Governance for global pandemics

A departures board is seen at Brazilian International Airport amid the coronavirus disease (COVID-19) outbreak in Brasilia, Brazil, 25 March 2020 (Photo: Reuters/Adriano Machado).

Author: A Chong, Singapore

Much of the public alarm triggered by the outbreak of the novel coronavirus (COVID-19) is greatly bound up with the management of cross-border security threats. COVID-19 resembles a 21st century medieval plague in terms of how little we understand its character and how vulnerable we are to its effects.

The Director-General of the World Health Organization has openly admitted: ‘You can’t fight a virus if you don’t know where it is. That means robust surveillance to find, isolate, test and treat every case, to break the chains of transmission’. The virus is known to transmit through direct contact with respiratory droplets and residue on cool surfaces, which suggests that infection at room temperature is likely. Most standard medical advisories published by national health authorities include strong recommendations for regular handwashing, avoiding handshakes and hugs, and social distancing. Meanwhile those with suspect or confirmed cases are quarantined.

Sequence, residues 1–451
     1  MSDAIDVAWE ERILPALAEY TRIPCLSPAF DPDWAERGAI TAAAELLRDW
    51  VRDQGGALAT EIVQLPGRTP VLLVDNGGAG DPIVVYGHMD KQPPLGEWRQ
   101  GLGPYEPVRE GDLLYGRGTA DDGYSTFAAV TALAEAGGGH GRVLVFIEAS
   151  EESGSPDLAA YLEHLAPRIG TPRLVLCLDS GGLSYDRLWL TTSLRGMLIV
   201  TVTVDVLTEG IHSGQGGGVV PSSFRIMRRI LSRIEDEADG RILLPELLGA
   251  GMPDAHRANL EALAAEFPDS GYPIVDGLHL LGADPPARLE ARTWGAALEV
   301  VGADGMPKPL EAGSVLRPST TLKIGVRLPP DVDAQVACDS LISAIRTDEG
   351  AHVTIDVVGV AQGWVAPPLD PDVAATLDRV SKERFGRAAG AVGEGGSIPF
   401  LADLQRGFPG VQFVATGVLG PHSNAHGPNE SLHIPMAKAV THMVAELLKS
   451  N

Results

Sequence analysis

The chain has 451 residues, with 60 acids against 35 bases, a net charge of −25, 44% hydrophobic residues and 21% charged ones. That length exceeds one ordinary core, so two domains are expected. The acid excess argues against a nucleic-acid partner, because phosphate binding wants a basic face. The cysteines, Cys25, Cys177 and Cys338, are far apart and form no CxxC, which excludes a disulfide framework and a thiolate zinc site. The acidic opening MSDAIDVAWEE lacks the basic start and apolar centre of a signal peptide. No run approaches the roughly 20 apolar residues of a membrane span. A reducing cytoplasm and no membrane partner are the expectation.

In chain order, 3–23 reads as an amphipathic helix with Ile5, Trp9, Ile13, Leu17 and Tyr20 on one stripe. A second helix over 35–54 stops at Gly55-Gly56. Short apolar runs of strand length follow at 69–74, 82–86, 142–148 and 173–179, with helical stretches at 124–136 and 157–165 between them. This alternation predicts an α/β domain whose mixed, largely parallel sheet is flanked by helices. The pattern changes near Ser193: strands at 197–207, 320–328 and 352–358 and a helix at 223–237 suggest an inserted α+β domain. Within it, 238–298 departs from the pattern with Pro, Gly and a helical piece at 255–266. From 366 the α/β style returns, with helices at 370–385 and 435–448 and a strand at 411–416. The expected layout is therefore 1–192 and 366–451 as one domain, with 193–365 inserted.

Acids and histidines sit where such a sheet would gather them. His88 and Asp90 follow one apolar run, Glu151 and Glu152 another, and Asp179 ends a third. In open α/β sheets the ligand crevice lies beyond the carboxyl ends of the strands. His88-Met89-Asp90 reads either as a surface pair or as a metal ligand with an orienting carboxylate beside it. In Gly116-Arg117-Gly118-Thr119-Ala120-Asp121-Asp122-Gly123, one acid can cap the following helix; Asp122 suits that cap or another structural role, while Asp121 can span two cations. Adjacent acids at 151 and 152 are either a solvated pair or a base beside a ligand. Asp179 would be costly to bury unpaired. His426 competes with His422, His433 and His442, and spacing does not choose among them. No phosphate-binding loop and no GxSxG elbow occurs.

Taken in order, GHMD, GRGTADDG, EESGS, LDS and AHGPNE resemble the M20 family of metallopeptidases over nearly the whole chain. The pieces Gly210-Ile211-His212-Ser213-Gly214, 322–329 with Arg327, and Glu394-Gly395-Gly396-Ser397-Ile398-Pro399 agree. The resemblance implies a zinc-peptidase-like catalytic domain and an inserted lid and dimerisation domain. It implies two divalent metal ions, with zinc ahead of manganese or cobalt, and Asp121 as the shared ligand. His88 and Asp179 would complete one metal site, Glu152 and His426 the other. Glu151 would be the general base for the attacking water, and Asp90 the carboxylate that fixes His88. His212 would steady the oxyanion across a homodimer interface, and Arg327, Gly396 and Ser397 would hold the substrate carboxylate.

These drastic measures have spread panic and fear among the public, despite government calls for calm.

Addressing the pandemic should not be left only to medical professionals. The coronavirus crisis is emblematic of the difficulty of constructively extending good governance across borders. An effective response requires governments, medical authorities and civil society to consider a new spatialisation of threats to human security when making decisions.

Tourists, migrant workers of all skill levels and businesspeople are the daily agents of globalisation. They bring much-needed services to their host populations. Their spending delivers the most visible benefits of open borders, lifting local incomes and fuelling industrial supply chains.

But when these human agents of transnational movement carry pathogens, governments are compelled to close their borders. Whole towns restrict or deny entry to outsiders, entire ships and their passengers and crew are embargoed offshore, and even peaceful arrivals are blocked by …continue reading